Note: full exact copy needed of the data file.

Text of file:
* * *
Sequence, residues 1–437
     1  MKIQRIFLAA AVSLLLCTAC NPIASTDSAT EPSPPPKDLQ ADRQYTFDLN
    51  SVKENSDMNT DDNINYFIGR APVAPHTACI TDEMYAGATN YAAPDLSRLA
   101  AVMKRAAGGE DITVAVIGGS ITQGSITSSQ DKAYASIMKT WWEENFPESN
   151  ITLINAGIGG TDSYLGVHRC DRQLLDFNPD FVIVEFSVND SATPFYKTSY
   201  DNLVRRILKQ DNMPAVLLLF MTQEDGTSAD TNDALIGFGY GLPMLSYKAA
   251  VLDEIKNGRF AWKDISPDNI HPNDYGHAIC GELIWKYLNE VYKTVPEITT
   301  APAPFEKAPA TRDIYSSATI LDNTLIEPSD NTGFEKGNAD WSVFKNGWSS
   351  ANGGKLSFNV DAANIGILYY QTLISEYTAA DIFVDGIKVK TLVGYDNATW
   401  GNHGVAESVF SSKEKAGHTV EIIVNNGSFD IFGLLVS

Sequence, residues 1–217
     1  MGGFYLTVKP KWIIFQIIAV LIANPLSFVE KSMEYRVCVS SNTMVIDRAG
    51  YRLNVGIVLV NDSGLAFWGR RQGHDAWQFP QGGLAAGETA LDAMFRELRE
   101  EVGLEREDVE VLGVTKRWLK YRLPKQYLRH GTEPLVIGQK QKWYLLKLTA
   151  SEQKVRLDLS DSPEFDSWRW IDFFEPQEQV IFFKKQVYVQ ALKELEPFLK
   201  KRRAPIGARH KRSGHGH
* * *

Sequence, residues 1–437
     1  MKIQRIFLAA AVSLLLCTAC NPIASTDSAT EPSPPPKDLQ ADRQYTFDLN
    51  SVKENSDMNT DDNINYFIGR APVAPHTACI TDEMYAGATN YAAPDLSRLA
   101  AVMKRAAGGE DITVAVIGGS ITQGSITSSQ DKAYASIMKT WWEENFPESN
   151  ITLINAGIGG TDSYLGVHRC DRQLLDFNPD FVIVEFSVND SATPFYKTSY
   201  DNLVRRILKQ DNMPAVLLLF MTQEDGTSAD TNDALIGFGY GLPMLSYKAA
   251  VLDEIKNGRF AWKDISPDNI HPNDYGHAIC GELIWKYLNE VYKTVPEITT
   301  APAPFEKAPA TRDIYSSATI LDNTLIEPSD NTGFEKGNAD WSVFKNGWSS
   351  ANGGKLSFNV DAANIGILYY QTLISEYTAA DIFVDGIKVK TLVGYDNATW
   401  GNHGVAESVF SSKEKAGHTV EIIVNNGSFD IFGLLVS

Sequence, residues 1–217
     1  MGGFYLTVKP KWIIFQIIAV LIANPLSFVE KSMEYRVCVS SNTMVIDRAG
    51  YRLNVGIVLV NDSGLAFWGR RQGHDAWQFP QGGLAAGETA LDAMFRELRE
   101  EVGLEREDVE VLGVTKRWLK YRLPKQYLRH GTEPLVIGQK QKWYLLKLTA
   151  SEQKVRLDLS DSPEFDSWRW IDFFEPQEQV IFFKKQVYVQ ALKELEPFLK
   201  KRRAPIGARH KRSGHGH